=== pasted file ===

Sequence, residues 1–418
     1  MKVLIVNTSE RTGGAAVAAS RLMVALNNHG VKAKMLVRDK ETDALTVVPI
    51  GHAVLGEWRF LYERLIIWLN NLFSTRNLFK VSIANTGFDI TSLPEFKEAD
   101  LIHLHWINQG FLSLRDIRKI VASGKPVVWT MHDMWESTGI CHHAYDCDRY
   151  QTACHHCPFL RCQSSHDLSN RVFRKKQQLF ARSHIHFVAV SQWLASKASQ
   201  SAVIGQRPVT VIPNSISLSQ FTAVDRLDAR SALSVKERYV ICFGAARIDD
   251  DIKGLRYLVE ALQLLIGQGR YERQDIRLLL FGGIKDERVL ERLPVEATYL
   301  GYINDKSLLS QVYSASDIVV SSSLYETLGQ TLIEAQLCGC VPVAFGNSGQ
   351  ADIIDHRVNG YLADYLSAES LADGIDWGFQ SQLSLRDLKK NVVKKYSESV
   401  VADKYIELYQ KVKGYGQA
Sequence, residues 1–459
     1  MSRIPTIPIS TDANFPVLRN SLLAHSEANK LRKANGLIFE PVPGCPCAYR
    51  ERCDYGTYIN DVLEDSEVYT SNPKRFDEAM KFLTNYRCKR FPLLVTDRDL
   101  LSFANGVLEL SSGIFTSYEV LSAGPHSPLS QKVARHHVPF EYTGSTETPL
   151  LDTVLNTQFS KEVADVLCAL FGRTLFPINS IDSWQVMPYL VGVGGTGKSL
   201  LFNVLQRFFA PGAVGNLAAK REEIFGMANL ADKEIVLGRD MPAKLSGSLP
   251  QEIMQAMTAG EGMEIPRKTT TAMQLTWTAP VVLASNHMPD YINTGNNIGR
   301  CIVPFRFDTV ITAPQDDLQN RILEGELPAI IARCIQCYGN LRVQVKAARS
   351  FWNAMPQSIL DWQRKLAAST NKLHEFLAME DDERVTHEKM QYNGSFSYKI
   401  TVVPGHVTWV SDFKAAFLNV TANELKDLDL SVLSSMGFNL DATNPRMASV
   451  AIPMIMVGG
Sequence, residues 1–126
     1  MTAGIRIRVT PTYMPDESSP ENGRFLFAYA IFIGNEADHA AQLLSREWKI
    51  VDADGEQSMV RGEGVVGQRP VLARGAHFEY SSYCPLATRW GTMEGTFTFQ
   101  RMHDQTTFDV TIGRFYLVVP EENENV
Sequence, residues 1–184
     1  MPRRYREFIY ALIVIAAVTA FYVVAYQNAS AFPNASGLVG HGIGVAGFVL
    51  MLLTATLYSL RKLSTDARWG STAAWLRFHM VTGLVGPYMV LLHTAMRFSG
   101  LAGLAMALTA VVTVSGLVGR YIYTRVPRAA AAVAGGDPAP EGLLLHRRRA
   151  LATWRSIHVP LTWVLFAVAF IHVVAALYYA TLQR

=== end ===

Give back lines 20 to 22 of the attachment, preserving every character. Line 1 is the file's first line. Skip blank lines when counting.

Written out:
   401  TVVPGHVTWV SDFKAAFLNV TANELKDLDL SVLSSMGFNL DATNPRMASV
   451  AIPMIMVGG
Sequence, residues 1–126